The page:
The SMU optimization could be used to more precisely understand the Higgs boson, which explains why matter has mass, said Liu.
The Higgs was observed for the first time in 2012, and physicists keenly want to understand its nature.
"This methodology has its advantages—including understanding Higgs interactions with other particles—and we hope that others use it," said Liu. "With it we achieved 20-percent improvement in the measurement. Here's how I think of it myself—everybody likes a $199 iPhone with contract. If someday Apple tells us they will reduce the price by 20 percent, how would we all feel to get the lower price?"
Another optimization employed by Liu improved the calibration precision by four times, Kehoe said.
Shower of Top quarks post Big Bang
Top quarks, which rarely occur now, were much more common right after the Big Bang 13.8 billion years ago. However, top is the only quark, of six different kinds, that can be observed directly. For that reason, experimental physicists focus on the characteristics of top quarks to better understand the quarks in everyday matter.
To study the top, physicists generate them in particle accelerators, such as the Tevatron, a powerful U.S. Department of Energy particle accelerator operated by Fermi National Laboratory in Illinois, or the Large Hadron Collider in Switzerland, a project of the European Organization for Nuclear Research, CERN.
SMU's measurement draws on data gathered by DZero, a collaborative experiment of more than 500 physicists from around the world. DZero's top quark data was produced from proton-antiproton collisions at the Tevatron, which Fermilab shut down in 2011.
The new measurement is the most precise of its kind from the Tevatron, and is competitive with comparable measurements from the Large Hadron Collider.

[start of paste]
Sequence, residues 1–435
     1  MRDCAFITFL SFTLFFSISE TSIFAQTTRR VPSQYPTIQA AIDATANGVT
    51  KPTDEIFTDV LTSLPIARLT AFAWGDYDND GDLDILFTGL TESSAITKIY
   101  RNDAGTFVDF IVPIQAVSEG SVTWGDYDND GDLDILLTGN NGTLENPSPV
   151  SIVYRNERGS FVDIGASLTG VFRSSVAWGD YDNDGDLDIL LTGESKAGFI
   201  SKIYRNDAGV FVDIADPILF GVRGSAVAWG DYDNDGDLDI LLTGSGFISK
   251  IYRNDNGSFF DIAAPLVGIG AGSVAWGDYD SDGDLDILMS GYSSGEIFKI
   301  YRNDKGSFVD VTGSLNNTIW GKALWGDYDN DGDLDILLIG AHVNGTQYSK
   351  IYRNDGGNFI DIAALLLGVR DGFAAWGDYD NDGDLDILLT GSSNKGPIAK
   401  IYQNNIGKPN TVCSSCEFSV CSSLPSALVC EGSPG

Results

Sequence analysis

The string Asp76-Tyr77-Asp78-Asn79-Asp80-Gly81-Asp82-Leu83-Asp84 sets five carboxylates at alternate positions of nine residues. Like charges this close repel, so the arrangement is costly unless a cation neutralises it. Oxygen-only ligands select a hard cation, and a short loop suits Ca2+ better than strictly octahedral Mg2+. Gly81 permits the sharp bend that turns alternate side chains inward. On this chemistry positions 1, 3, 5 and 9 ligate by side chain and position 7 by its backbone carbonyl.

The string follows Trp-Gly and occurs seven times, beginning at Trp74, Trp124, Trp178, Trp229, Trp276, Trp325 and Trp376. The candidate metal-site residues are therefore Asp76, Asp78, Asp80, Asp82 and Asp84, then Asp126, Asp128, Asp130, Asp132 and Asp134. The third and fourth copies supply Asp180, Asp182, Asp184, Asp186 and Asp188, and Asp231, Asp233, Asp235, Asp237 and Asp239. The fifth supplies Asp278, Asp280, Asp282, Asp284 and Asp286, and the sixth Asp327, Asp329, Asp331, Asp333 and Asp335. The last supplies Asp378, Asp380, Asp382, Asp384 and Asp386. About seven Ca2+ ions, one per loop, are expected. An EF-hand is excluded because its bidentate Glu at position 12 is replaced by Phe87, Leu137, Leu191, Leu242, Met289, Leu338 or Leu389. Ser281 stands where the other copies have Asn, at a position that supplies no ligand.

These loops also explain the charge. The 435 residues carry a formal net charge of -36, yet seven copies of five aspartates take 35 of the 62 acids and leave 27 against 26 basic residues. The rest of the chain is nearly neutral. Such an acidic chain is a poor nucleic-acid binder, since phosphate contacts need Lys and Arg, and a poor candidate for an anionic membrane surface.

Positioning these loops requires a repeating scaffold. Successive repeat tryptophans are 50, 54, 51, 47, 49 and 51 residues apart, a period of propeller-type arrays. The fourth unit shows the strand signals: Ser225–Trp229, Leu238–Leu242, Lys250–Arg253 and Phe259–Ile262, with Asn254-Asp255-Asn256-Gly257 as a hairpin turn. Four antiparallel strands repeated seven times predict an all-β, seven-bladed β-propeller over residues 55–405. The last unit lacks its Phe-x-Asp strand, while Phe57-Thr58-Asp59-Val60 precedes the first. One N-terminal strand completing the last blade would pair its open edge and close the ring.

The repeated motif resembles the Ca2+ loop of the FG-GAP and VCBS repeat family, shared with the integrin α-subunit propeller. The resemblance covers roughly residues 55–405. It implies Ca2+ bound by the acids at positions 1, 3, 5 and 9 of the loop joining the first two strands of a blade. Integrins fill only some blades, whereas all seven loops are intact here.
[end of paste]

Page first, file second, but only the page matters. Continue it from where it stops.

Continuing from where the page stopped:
Critical question: Universe isn't necessarily stable at all energies
"The ability to measure the top quark mass precisely is fortuitous because it, together with the Higgs boson mass, tells us whether the universe is stable or not," Kehoe said. "That has emerged as one of today's most important questions."
A stable universe is one in a low energy state where particles and forces interact and behave according to theoretical predictions forever. That's in contrast to metastable, or unstable, meaning a higher energy state in which things eventually change, or change suddenly and unpredictably, and that could result in the universe collapsing. The Higgs and top quark are the two most important parameters for determining an answer to that question, Kehoe said.
Recent measurements of the Higgs and top quark indicate they describe a universe that is not necessarily stable at all energies.
"We want a theory—Standard Model or otherwise—that can predict physical processes at all energies," Kehoe said. "But the measurements now are such that it looks like we may be over the border of a stable universe. We're metastable, meaning there's a gray area, that it's stable in some energies, but not in others."
Are we facing imminent doom? Will the universe collapse?
That disparity between theory and observation indicates the Standard Model theory has been outpaced by new measurements of the Higgs and top quark.
"It's going to take some work for theorists to explain this," Kehoe said, adding it's a challenge physicists relish, as evidenced by their preoccupation with "new physics" and the possibilities the Higgs and Top quark create.
"I attended two conferences recently," Kehoe said, "and there's argument about exactly what it means, so that could be interesting."
So are we in trouble?
"Not immediately," Kehoe said. "The energies at which metastability would kick in are so high that particle interactions in our universe almost never reach that level. In any case, a metastable universe would likely not change for many billions of years."
Top quark—a window into other quarks
As the only quark that can be observed, the top quark pops in and out of existence fleetingly in protons, making it possible for physicists to test and define its properties directly.
"To me it's like fireworks," Liu said. "They shoot into the sky and explode into smaller pieces, and those smaller pieces continue exploding. That sort of describes how the top quark decays into other particles."
By measuring the particles to which the top quark decays, scientists capture a measure of the top quark, Liu explained
But study of the top is still an exotic field, Kehoe said. "For years top quarks were treated as a construct and not a real thing. Now they are real and still fairly new—and it's really important we understand their properties fully."